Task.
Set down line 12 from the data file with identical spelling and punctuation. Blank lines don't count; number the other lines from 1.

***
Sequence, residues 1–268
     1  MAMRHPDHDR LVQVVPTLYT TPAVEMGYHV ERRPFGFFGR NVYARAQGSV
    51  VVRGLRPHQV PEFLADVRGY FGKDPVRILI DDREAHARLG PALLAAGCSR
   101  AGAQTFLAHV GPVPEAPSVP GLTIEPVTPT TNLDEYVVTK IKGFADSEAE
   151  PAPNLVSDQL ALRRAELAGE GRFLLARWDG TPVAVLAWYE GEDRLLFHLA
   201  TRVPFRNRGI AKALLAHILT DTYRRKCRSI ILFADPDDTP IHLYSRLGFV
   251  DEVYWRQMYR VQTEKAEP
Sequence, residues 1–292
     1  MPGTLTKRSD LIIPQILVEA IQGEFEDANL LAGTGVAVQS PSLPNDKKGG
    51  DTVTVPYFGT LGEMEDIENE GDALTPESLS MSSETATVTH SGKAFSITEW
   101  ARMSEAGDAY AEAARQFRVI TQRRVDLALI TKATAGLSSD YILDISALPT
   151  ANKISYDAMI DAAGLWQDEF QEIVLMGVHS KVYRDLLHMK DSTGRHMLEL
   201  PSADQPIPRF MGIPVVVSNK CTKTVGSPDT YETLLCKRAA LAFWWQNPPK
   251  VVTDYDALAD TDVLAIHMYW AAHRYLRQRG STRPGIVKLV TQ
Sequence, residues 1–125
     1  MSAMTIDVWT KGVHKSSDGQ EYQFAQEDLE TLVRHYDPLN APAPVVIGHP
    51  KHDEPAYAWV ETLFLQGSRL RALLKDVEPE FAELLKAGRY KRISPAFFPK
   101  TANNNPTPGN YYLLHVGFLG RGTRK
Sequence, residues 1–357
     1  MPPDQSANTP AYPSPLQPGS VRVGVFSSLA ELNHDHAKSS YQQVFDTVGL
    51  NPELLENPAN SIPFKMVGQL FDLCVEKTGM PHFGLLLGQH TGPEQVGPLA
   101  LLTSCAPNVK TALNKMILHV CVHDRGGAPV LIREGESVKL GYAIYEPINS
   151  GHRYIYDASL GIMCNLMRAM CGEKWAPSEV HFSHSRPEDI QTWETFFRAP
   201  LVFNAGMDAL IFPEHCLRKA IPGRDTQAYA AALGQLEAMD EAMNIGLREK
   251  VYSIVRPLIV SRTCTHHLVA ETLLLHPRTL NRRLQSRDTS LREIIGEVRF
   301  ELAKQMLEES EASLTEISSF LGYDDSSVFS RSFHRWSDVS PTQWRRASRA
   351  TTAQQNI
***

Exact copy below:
   151  ANKISYDAMI DAAGLWQDEF QEIVLMGVHS KVYRDLLHMK DSTGRHMLEL